Greencastle officials, who only a few weeks ago celebrated the end to a four-month, trouble-plagued water line project on the city's north side, got some news they didn't want to hear.
It seems the newly installed pipe has sprung a leak.
Mayor Nancy Michael told the BannerGraphic on Wednesday that crews from Midwest Trenchless, based in Michigan, are on their way back to Greencastle and should be in town today to beginning fixing the problem.
Water plant foreman Ed Phillips said he was driving on north Jackson Street, just south of Doc James Road, on Tuesday when he noticed water leaking from the ground. When he passed by on Wednesday and the water was still there, closer inspection revealed that the underground pipe had begun to leak.
Michael said she doesn't know what crews will find when they begin excavating the area on Thursday, but she hopes the cost for repairs will be covered under the city's contract with Midwest.
The area between Doc James Road and the railroad viaduct caused major problems for workers when they were installing the pipe this fall because the pipe is buried 9 feet deep.
Back in June, Midwest was contracted to refurbish the existing water main that runs from the water plant, located next to the Putnam County Fairground, north along Jackson Street and ends at the courthouse square. The original line was installed in the late 1800s and was buried in a haphazard manner, starting at a depth of 2 or 3 feet deep and plunging to 9 feet deep.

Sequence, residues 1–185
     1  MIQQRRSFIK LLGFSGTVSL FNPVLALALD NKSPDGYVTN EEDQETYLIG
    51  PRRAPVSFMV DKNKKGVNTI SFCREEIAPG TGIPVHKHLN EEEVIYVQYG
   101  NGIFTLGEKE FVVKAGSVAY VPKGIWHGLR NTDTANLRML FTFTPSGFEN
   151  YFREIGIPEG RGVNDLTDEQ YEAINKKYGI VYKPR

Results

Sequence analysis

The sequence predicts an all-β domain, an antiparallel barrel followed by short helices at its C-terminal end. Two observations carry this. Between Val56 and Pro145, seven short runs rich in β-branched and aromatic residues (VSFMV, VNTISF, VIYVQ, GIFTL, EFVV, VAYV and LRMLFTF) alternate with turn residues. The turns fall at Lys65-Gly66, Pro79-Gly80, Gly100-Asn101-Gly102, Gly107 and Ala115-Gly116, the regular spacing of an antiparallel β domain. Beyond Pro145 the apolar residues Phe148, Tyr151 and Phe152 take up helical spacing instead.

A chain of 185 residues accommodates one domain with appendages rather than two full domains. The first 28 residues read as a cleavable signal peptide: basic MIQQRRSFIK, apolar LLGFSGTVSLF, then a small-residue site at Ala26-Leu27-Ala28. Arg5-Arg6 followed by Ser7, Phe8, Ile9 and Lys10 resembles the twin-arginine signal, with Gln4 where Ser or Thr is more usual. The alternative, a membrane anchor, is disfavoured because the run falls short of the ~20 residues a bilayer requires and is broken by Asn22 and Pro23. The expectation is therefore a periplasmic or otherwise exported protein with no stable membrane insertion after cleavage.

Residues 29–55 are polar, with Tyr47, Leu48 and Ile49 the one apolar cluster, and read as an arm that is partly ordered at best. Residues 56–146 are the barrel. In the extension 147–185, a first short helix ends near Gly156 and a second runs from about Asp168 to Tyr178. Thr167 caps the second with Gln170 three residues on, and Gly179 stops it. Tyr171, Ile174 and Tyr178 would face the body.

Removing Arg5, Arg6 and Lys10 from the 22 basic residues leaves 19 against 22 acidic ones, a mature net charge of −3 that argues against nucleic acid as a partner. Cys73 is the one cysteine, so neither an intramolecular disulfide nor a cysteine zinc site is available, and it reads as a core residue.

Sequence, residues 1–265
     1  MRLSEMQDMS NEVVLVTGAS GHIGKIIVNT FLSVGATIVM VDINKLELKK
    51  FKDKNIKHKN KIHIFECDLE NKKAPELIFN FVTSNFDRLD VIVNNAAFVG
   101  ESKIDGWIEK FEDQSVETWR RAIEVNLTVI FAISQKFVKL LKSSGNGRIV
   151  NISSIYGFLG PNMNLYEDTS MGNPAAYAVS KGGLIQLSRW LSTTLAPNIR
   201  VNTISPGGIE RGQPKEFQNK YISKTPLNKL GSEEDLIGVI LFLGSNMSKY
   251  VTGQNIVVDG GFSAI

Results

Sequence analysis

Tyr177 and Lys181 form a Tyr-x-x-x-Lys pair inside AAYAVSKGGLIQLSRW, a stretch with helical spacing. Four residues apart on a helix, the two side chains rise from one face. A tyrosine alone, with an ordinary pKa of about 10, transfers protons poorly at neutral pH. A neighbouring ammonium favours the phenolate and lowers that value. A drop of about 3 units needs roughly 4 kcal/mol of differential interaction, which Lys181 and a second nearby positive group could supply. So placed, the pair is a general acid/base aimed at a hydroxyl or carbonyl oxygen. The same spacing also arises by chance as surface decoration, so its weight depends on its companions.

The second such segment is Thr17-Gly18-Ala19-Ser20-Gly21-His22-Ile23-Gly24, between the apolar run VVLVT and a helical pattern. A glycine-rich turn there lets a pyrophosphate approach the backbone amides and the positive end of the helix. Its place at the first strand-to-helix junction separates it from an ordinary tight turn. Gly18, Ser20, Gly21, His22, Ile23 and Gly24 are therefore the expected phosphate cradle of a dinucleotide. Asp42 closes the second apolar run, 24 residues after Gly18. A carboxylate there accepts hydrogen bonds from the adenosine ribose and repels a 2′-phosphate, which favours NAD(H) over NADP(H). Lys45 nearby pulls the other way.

Midwest officials reported to the city, during several public meetings in the summer and fall, that they were having trouble inserting the new pipe into the existing pipe, which led to several breaks in the new pipe.
Since the company was having so much trouble getting the new pipe to slid thorugh the old one, the company and the city agreed to cut the project short, ending in near the intersection of Shadow-lawn Avenue.
City officials were hoping the pipe project had finally ended, but apparently the trouble has returned.
As the project dragged on, local residents have complained for weeks about the holes that were made in the pavement on North Jackson Street and the patching that was done after the pipe installation was completed.
Michael told members of the Board of Works on Wednesday that Black Diamond, the company contracted to do the patching work, has been delayed by the recent inclement weather. They may not be able to do the final patching until the spring, Michael said. Residents and business owners are again being asked to exercise patience as the project is continuing to experience problems and delays.
It was not clear, on Wednesday evening, whether water service would be interrupted on Thursday while the pipe was being repaired.